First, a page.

Can You Spot A Spoofed Email?: How To Protect Your Business From Today’s Biggest Phishing Risks
Have you ever received an email from a client you regularly communicate with, but it looks… “off”? Or perhaps you’ve received an email from a bank that you don’t hold an account with, or a company requesting that you pay an invoice for goods you never even purchased.
What you’ve encountered is most likely a phishing email.
A first in a series of blogs on phishing, we want to educate you about what phishing is, the different types of phishing that you could encounter, and how you can protect yourself from this widespread cybersecurity risk.
Read on to learn more about email spoofing and brand impersonation, the most common phishing risks employees encounter, and how we at Orange County Computer can help you implement solutions to guard against a phishing attack.
What is phishing?
Did you know that 97% of employees cannot identify a sophisticated phishing attempt? Phishing is a cyberthreat that employees face every day and they’re unfortunately likely to take the bait.
Phishing is the star of the cybercrime world. It is a type of social engineering attack that is used to steal user data – this can include usernames and passwords, credit card numbers, sensitive company information, and more. Cybercriminals pose as a trusted entity, tricking the victim into opening an email, instant message, or text message, which could contain a malicious link or attachment. The link could lead to a website prompting the victim to enter login credentials or other personal details, as well as install malware. An attachment may contain a harmful script or compressed file, which upon opening could deploy a ransomware payload that encrypts the victim’s data, make it inaccessible, and held ransom by the cybercriminal until the “ransom” is paid for. At this point, the victim finds himself in a vulnerable position. Even if he pays the cybercriminal, there is a chance that the decryption key will not be given as promised.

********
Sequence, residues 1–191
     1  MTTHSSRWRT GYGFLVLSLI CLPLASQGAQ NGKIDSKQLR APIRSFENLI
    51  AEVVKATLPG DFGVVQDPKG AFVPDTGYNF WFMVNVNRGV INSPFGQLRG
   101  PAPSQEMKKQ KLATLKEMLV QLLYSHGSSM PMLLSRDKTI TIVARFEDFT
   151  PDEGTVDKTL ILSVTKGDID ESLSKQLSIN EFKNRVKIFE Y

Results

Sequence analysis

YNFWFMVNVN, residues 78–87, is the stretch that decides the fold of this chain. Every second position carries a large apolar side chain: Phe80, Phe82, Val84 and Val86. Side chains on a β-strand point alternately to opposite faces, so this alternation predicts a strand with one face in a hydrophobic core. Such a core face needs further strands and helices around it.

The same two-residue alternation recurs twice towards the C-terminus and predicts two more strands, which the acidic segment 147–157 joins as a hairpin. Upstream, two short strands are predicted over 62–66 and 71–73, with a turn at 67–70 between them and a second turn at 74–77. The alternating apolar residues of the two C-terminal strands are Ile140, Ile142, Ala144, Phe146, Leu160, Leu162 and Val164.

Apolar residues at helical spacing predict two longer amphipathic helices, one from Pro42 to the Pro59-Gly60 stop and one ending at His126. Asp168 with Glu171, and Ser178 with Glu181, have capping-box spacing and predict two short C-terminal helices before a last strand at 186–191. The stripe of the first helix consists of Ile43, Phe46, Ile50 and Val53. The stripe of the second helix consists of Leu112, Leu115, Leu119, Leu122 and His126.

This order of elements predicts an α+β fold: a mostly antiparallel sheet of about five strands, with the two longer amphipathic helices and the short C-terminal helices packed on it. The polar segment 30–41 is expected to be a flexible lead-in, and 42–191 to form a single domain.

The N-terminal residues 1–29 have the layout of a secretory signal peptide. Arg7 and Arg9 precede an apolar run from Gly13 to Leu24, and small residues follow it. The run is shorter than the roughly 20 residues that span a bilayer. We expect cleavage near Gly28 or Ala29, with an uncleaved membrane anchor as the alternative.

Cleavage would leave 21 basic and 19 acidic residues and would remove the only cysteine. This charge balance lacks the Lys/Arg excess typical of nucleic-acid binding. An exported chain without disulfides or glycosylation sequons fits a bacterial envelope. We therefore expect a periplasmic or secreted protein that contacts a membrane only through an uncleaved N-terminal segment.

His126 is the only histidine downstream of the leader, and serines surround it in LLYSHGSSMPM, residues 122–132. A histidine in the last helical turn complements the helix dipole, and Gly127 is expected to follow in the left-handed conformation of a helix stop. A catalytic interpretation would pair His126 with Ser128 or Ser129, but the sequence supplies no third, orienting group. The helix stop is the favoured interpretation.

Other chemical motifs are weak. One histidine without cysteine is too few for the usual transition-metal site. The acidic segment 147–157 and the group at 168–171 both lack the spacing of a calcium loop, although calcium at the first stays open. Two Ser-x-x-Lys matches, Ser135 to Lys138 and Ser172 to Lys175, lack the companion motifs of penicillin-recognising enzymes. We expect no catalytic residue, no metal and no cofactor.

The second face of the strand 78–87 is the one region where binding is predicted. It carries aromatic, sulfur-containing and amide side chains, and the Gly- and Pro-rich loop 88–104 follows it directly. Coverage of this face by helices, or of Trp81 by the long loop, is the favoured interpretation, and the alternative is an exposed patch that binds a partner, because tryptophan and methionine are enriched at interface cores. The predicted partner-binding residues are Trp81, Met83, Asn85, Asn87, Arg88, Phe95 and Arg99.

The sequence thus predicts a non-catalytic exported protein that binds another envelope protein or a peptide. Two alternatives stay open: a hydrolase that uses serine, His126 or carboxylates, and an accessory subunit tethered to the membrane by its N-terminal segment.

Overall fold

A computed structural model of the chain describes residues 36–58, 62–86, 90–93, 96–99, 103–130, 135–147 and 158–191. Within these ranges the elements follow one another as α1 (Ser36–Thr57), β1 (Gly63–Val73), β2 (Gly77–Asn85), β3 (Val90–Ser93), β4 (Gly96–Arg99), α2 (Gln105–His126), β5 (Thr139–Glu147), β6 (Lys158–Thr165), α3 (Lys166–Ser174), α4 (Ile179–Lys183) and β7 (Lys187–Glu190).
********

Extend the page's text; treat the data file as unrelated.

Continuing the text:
From business email compromise to malware / ransomware, all of today’s harmful cyberattacks begin with phishing, most of which lead to catastrophic consequences. For companies and individuals alike, this can include the loss of intellectual property or money, damage to reputation, data theft, and disruption of operational activities. With people continuing to work from home and hybrid work environments persisting post-pandemic, individuals and employees across the board need to be extra careful and stay alert when reviewing emails. Of the types of phishing risks that have become widespread, businesses need to take email spoofing and brand impersonation seriously.
Can you spot a spoofed email?: Beware of email spoofing and brand impersonation!